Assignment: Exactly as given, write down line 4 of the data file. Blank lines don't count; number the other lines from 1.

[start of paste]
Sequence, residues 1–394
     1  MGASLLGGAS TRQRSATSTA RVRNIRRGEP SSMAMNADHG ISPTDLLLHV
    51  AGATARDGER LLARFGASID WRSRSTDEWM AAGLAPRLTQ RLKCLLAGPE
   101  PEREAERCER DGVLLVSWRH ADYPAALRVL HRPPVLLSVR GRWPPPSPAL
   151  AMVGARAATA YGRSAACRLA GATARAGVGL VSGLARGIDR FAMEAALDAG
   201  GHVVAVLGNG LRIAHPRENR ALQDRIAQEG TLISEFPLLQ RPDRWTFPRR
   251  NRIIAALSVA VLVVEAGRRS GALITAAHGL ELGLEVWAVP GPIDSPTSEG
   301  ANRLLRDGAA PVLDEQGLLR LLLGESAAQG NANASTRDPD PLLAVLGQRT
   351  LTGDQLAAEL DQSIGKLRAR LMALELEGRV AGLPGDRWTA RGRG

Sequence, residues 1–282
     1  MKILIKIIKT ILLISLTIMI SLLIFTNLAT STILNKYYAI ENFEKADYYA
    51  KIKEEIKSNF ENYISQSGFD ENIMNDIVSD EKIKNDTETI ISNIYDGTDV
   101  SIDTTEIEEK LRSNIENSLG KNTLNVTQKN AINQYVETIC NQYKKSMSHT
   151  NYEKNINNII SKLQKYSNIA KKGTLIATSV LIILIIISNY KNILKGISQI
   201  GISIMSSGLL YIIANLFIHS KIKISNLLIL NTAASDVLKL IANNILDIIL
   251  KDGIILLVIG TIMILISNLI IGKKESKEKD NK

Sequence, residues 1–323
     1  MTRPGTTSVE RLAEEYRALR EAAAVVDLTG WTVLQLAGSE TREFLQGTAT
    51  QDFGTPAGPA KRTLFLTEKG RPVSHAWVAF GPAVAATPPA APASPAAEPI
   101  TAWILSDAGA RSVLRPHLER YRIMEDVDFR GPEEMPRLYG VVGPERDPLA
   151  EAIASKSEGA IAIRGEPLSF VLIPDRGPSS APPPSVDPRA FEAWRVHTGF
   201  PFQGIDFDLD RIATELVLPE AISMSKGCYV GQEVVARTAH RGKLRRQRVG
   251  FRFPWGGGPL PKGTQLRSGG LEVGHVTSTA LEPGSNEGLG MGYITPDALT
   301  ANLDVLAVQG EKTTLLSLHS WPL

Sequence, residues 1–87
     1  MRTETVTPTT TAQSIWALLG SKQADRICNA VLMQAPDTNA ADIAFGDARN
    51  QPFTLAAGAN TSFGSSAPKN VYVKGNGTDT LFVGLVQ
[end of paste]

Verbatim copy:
   101  PEREAERCER DGVLLVSWRH ADYPAALRVL HRPPVLLSVR GRWPPPSPAL